Crisis sees 62% Aussie firms adopt accelerated change to beat targets

Mike Ettling, Chief Executive Officer at Unit4

Unit4, a player in enterprise cloud applications for mid-market services organisations, announced the findings of its second annual Business Future Index. It surveyed 3,450 respondents across 12 global markets to understand how business performance over the past 12 months has been affected by the pandemic and reveals the extent to which changes to people strategies, company policies and technology adoption have accelerated.

What were the survey insights?

It also identifies business priorities for the coming year and examines the top challenges facing firms as the world enters a difficult economic period. The findings show a correlation between the benefits of embracing accelerated change and improved business performance, and highlighting distinct areas where action must be taken if firms are to remain competitive.

Key Findings

  • Covid-19 pandemic impact: Over nine in 10 organisations report great acceleration across their business as a reaction to the COVID-19 pandemic. This acceleration includes digital transformation efforts (Global: 52% | ANZ: 53% | APAC: 58%), flexible working practices (Global: 51% | ANZ: 49% | APAC: 50%) and the adoption of software and tools to aid employee productivity and experience (Global: 45% | ANZ: 44% | APAC: 45%).

  • Accelerated change boost: those who embraced change have seen clear benefits including better workplace digitalisation (Global: 80% | AUS: 82% | APAC: 80%); improved wellbeing (Global: 74% | AUS: 84% | APAC: 73%); stronger team collaboration (Global:73% | AUS: 79% | APAC: 73%); enhanced customer/end-user experience (Global:72% | AUS: 76% | APAC: 71%).

  • Become more resilient: Many organisations have seen increased workforce resilience over the past year, with 49% globally (AUS: 50% | APAC: 47%) able to recruit from a wider geographic area. Those who report major adoption of workflow automation and/or real-time reporting have felt this positive staffing benefit even more (Global: 54% and 52% | AUS: 57% and 55% | APAC: 51% and 52% respectively).

  • Pivot or fall behind: For organisations which haven’t focused on rapid growth since the pandemic only 28% globally (AUS: 26% | APAC: 26%) report themselves as outperforming 2021 targets, compared to the global average (51% | AUS: 62% | APAC: 54%) who did embrace such changes.

  • Future business priorities: Attracting and retaining talent (Global: 62% | AUS: 66% | APAC: 60%), building out new products and services (Global: 59% | AUS: 61% | APAC: 61%) and digital transformation (Global: 59% | AUS: 59% | APAC 64%) were cited as the top priorities for the next 12 months.

  • Challenges ahead: To deliver on these priorities, there is an accelerated need to enhance talent strategies (Global: 51% | AUS 53% | APAC: 50%), respond to competitive pressures (Global: 49% | AUS: 57% | APAC: 59%) and change the way organisations operate and are structured (Global: 45% | AUS: 42% | APAC: 40%).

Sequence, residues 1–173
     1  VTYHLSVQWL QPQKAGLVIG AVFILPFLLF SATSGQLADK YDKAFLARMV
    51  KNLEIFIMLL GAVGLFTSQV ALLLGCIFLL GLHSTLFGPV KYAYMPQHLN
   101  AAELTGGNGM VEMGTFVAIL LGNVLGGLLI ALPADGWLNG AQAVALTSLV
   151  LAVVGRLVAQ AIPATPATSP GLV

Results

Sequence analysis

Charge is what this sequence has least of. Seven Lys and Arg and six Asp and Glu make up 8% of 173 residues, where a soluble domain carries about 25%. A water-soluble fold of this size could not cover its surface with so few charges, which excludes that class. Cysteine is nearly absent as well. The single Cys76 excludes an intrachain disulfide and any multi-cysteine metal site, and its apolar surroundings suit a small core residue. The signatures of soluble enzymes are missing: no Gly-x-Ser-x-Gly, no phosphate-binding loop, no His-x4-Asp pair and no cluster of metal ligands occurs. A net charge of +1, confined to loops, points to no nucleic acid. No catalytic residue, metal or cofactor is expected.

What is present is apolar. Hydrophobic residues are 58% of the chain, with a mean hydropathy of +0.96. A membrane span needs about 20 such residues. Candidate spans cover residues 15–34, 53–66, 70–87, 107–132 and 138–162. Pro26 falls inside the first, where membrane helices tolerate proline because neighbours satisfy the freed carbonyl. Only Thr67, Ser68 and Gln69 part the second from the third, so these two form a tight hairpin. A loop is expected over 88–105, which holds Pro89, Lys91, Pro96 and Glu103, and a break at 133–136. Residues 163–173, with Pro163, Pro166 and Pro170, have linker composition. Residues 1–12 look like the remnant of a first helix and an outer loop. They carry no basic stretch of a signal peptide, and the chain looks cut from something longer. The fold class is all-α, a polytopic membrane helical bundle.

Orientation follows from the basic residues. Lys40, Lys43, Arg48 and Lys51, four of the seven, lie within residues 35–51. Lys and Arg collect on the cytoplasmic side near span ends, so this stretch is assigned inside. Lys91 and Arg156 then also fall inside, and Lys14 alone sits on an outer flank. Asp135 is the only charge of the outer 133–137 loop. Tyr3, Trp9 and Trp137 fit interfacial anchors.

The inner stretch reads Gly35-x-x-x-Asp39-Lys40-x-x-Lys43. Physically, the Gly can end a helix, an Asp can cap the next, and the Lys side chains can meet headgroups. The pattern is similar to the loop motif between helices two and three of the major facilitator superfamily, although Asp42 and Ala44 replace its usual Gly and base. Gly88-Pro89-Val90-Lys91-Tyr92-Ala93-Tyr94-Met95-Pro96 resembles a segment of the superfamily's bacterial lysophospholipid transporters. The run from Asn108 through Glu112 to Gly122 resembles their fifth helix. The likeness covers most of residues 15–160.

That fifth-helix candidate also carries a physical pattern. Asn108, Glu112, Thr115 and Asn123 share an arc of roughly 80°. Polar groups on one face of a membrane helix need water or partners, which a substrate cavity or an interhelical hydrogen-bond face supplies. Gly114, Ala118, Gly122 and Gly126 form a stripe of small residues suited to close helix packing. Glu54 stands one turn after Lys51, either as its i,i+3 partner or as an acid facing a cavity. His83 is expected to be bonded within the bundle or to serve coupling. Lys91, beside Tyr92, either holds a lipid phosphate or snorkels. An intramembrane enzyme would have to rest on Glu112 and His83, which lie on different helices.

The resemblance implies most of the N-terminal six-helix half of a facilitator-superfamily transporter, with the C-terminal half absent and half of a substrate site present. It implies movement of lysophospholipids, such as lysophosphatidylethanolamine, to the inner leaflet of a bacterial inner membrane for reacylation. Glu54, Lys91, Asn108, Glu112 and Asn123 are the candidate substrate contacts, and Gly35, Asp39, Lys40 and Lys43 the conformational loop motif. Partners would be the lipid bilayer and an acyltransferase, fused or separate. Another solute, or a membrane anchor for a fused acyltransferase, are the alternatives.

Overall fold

Action plan for change: people, policy, tools

The Index shows there is no room for complacency when it comes to embracing change and even firms that performed well in 2021 cannot afford to ease up on transformation. Similar to the 2021 Index – which identified the need to focus more on people, alongside profit and productivity – the 2022 findings highlight challenges around people, policy and tools as organisations prepare to address their business priorities for the next 12 months.

The Index highlights priorities where firms can target their action plans for change:

  • People: flexible working strategies require further improvements to avoid employees leaving for employers with more attractive working conditions. Leaders also need to work harder to show they understand their teams. For instance, 80% of leaders (AUS: 83% | APAC: 76%) believe employee wellbeing has improved in 2021, compared to only 68% of employees (AUS: 84% | APAC: 70%).
  • Policy: Environmental, Social and Governance (ESG) and diversity are called out in the Index as areas requiring further action, as poor ESG credentials are seen as a factor affecting the ability to attract talent. This is compounded by another challenge – the ability to attract talent from a mix of generations – which is a key reason for increasing the focus on diversity.

  • Tools: To respond to competitive pressures and adapt organisational structures, there is still a lot of room to adopt technologies such as cloud, data management and real-time reporting tools, workflow automation and AI/Machine Learning.

What were the executive’s thoughts on the survey?

“As with every crisis, the pandemic showed that firms which were prepared to be more innovative and progressive in their people and technology strategies, as well as company policies, came out ahead in terms of business performance,” said Mike Ettling, CEO, Unit4.

“Looking forward to 2023, businesses around the world will face a myriad of pressures such as geopolitical issues, inflation and rising energy prices, as well as the continued competition for talent. The ability to adapt to such challenges is key, with no room for hesitation or inertia, as it can have a lasting impact on future performance,” Ettling further commented.

Based on the evidence contained in this year’s Index, organisations that achieve the balance between fiscal responsibility in uncertain economic times with the demand for innovation are more likely to achieve stronger business performance. The Business Future Index 2022 provides a framework to justify the business case for supporting accelerated change and points to a specific action plan where investment can be targeted to deliver tangible benefits.

A copy of the white paper and interactive eBook are available to download here.